This exciting new formula features Lutemax® 2020 and an innovative new antioxidant blend including TrueBroc® broccoli extract, Mirtoselect® bilberry extract and AstaPure® astaxanthin to boost the effects of lutein. This breakthrough formula delivers a plethora of nutrients and antioxidants that support healthy retinas so your eyes can stay comfortable and focused today and each day moving forward.
Promotes healthy eyes and skin and helps fight eye fatigue and strain with 20 mg of lutein sourced from marigold flowers. This is a great option for flexible lutein dosage when you already get some lutein in your diet from natural sources but want to supplement your intake to fill in nutritional gaps. This formula is also available in 40 mg lutein softgels if you prefer a higher dose.
Fortify your free radical defenses for your eyes and other vital organs with Zeaxanthin.* A member of the carotenoid family, Zeaxanthin is a powerful antioxidant with specific benefits for eye tissues.* In fact, Zeaxanthin and lutein are the most prevalent carotenoids in the retina and macula of the eye. In addition to its specific role in eye health, zeaxanthin provides valuable protection for the whole body.*
You can see Swanson’s full range of supplements for vision health here.
Carotenoids for Vision and Skin Support
The importance of nutrition for healthy eyes and skin shouldn’t be underestimated. Nutrition for these areas are a long game. So, start taking care of your eye and skin health now so you can get ahead of potential age and lifestyle-related concerns and support your long-term health and wellbeing.
Amy is a registered dietitian, nutritionist and author with over 17 years of experience in the supplement industry. Amy is passionate about dietary supplements and the health benefits they offer. She enjoys working to find novel nutritional ingredients with strong clinical research behind them to drive innovation and provide health-promoting products to consumers.
1 Aging and Vision Loss Fact Sheet. American Foundation for the Blind. http://www.afb.org/section.aspx?SectionID=68&TopicID=320&DocumentID=3374&rewrite=0 (Accessed 05/15/2018)
2 New study shows significant economic burden of skin disease in the United States. American Academy of Dermatology. https://www.aad.org/media/news-releases/burden-of-skin-disease (Accessed 05/15/2018)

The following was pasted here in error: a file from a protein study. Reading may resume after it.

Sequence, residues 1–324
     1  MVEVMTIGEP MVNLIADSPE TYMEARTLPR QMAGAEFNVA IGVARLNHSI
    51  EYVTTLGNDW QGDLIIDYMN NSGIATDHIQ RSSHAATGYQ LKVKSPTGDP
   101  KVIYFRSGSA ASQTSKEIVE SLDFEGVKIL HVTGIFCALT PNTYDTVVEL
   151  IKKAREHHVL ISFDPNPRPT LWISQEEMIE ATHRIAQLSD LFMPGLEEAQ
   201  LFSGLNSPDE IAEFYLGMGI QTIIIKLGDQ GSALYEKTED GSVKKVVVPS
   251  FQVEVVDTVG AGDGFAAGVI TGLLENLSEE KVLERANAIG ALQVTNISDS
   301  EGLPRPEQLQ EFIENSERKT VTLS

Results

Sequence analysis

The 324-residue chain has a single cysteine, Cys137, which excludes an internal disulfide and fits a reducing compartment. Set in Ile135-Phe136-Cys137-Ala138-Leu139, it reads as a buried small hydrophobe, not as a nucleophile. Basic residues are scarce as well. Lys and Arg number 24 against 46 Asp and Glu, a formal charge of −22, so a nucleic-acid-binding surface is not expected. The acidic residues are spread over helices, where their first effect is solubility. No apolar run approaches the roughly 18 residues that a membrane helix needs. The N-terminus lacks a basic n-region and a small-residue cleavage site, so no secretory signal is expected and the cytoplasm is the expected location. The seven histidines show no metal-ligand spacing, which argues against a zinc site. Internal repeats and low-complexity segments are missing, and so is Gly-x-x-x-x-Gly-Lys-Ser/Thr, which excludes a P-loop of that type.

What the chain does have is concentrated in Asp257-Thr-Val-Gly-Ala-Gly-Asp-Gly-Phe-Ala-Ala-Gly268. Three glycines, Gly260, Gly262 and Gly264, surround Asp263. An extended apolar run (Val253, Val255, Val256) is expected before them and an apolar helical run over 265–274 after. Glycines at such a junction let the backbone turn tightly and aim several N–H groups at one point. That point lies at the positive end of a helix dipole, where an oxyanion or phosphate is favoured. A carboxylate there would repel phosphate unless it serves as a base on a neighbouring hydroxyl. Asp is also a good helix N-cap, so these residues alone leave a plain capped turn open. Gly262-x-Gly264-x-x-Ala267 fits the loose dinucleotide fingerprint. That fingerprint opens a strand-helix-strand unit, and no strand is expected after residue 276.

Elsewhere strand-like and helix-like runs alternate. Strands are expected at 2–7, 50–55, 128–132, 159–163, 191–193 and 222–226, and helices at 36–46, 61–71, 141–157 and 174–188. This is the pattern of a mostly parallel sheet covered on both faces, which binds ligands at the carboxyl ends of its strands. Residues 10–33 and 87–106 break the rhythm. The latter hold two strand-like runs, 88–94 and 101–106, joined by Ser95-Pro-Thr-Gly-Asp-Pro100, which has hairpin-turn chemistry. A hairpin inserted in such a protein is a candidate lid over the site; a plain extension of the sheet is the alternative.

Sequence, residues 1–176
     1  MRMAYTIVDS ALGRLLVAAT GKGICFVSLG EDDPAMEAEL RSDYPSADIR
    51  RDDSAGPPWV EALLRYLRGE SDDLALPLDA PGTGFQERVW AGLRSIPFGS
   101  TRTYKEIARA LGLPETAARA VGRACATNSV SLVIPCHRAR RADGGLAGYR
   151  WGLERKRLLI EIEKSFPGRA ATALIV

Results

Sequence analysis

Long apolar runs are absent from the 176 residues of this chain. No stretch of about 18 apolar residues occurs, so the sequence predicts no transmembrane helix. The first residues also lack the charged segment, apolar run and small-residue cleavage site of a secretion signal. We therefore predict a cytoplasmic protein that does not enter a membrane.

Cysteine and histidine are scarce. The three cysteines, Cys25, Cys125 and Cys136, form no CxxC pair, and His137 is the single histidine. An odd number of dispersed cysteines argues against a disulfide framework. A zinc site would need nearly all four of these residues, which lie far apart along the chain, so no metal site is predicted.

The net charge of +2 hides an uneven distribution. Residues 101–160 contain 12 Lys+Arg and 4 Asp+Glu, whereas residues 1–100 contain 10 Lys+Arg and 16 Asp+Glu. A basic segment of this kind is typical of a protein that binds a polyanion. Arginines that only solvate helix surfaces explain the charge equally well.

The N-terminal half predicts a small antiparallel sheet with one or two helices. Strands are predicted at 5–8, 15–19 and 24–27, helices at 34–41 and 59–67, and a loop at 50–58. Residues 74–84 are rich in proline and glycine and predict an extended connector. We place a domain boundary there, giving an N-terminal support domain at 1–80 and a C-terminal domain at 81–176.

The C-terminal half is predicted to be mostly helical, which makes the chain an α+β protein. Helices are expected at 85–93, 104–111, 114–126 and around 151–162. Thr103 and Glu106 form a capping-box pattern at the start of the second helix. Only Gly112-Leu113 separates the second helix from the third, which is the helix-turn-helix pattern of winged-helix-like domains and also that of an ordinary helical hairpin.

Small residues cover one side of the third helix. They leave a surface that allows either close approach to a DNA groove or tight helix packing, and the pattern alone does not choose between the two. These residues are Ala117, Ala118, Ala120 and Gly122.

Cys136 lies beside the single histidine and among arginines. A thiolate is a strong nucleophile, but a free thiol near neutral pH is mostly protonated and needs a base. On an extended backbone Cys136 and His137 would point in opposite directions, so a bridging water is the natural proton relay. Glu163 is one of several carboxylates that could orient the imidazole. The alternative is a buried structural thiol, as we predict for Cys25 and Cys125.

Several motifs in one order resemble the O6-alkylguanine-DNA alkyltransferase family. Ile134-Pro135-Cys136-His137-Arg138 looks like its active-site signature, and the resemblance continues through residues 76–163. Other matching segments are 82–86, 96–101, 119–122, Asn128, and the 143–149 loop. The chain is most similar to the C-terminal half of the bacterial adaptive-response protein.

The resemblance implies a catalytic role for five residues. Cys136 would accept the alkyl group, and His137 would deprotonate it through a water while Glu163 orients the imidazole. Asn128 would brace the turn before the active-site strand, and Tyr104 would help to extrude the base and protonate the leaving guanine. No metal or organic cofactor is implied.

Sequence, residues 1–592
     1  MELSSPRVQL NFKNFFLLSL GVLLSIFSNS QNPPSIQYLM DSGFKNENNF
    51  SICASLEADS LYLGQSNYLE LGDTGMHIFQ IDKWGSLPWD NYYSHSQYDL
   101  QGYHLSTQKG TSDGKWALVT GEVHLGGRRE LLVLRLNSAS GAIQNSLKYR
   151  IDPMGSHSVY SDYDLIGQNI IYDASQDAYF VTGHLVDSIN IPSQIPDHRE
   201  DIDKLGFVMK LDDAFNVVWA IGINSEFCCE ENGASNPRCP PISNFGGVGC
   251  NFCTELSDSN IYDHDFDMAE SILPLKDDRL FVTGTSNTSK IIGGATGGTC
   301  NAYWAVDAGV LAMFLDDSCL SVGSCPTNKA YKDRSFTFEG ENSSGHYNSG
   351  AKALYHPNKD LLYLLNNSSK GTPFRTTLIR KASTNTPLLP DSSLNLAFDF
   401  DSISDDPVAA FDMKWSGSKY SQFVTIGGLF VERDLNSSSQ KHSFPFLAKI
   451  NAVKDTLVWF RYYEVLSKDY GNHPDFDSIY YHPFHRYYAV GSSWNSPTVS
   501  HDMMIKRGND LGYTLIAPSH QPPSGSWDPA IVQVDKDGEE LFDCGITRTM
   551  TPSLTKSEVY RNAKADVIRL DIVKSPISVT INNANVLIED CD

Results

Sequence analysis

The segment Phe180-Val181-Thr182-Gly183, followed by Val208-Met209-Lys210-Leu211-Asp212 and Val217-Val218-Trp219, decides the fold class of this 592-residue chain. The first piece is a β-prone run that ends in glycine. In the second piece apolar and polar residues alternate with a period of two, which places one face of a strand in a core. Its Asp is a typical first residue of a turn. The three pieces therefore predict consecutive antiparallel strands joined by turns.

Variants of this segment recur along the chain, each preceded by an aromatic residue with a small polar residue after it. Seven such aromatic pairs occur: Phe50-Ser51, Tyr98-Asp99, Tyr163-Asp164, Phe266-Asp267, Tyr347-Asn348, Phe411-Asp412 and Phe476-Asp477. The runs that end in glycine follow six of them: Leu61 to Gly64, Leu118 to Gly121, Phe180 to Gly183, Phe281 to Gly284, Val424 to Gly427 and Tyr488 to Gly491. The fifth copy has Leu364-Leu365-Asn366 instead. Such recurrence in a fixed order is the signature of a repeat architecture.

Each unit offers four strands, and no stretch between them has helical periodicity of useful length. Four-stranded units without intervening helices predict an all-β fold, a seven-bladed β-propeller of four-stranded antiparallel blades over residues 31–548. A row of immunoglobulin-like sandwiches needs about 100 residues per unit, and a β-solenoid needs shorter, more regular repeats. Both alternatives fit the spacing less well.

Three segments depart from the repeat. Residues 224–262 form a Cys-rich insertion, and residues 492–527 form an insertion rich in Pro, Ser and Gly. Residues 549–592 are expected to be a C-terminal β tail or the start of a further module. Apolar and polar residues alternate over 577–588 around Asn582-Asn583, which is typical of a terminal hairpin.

3 Promoting Eye and Skin Health Through Intake of the Natural Carotenoid Lutein. Springer Link. https://link.springer.com/chapter/10.1007%2F978-1-59745-330-1_23 (Accessed 05/15/2018)
4 Dr. Vijaya Juturu on Blue Light and Lutein: Swanson Health Products Facebook Live Video. https://www.facebook.com/SwansonVitamins/videos/10155698267084336/ (10/23/2017)
5 Blue Light Can Affect Your Sleep Cycle: Vision Service Plan VSPBlog.https://vspblog.com/what-happened-to-sleep/ (Accessed 11/06/2017)
6 Americans Use Electronic Media 11+ Hours A Day: Nielsen, via Statista. https://www.statista.com/chart/1971/electronic-media-use/ (Accessed 11/06/2017)
7 The Role of Phytonutrients in Skin Health. US National Library of Medicine. https://www.ncbi.nlm.nih.gov/pmc/articles/PMC3257702/ (Accessed 05/15/2018)
8 Lutein. Medline Plus. https://medlineplus.gov/druginfo/natural/754.html (Accessed 05/15/2018)
9 The Photobiology of Lutein and Zeaxanthin in the Eye. US National Library of Medicine. https://www.ncbi.nlm.nih.gov/pmc/articles/PMC4698938/ (Accessed 05/31/2018)
10 Free Radicals and Extrinsic Skin Aging. US National Library of Medicine. https://www.ncbi.nlm.nih.gov/pmc/articles/PMC3299230/ (Accessed 05/15/2018)
11 Study links lutein levels to higher IQ. Nutra Ingredients. https://www.nutraingredients-usa.com/Article/2018/03/30/Study-links-lutein-levels-to-higher-IQ (Accessed 05/16/2018)
12 Eye Vitamins. Bausch + Lomb. http://www.bausch.com/reference/lutein-for-eyes (Accessed 05/15/2018)
13 Lutein supplementation improves visual performance in Chinese drivers: 1-year randomized, double-blind, placebo-controlled study. PubMed. https://www.ncbi.nlm.nih.gov/pubmed/23360692 (Accessed 05/15/2018)
14 Significant correlations of dermal total carotenoids and dermal lycopene with their respective plasma levels in healthy adults. US National Library of Medicine. https://www.ncbi.nlm.nih.gov/pmc/articles/PMC2957565/ (Accessed 05/15/2018)
15 Lutein & Zeaxanthin. American Optometric Association. https://www.aoa.org/patients-and-public/caring-for-your-vision/diet-and-nutrition/lutein (Accessed 05/15/2018)
16 Lutein. WebMd. https://www.webmd.com/vitamins/ai/ingredientmono-754/lutein (Accessed 05/15/2018)
17 Lutein & Zeaxanthin Concentration in Fruits & Vegetables. American Macular Degeneration Foundation. https://www.macular.org/wp-content/uploads/2016/05/lutein.pdf (Accessed 05/15/2018)
*These statements have not been evaluated by the Food and Drug Administration. These products are not intended to diagnose, treat, cure or prevent any disease.